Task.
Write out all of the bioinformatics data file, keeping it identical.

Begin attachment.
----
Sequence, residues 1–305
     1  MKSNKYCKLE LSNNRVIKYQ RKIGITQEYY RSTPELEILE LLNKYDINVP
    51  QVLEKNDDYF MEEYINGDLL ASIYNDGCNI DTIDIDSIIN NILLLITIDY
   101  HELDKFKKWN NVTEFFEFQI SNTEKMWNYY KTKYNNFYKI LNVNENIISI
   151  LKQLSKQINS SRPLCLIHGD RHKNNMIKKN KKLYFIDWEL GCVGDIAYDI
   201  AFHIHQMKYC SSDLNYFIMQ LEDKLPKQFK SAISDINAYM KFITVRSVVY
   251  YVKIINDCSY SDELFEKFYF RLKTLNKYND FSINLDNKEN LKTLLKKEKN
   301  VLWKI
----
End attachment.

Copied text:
Sequence, residues 1–305
     1  MKSNKYCKLE LSNNRVIKYQ RKIGITQEYY RSTPELEILE LLNKYDINVP
    51  QVLEKNDDYF MEEYINGDLL ASIYNDGCNI DTIDIDSIIN NILLLITIDY
   101  HELDKFKKWN NVTEFFEFQI SNTEKMWNYY KTKYNNFYKI LNVNENIISI
   151  LKQLSKQINS SRPLCLIHGD RHKNNMIKKN KKLYFIDWEL GCVGDIAYDI
   201  AFHIHQMKYC SSDLNYFIMQ LEDKLPKQFK SAISDINAYM KFITVRSVVY
   251  YVKIINDCSY SDELFEKFYF RLKTLNKYND FSINLDNKEN LKTLLKKEKN
   301  VLWKI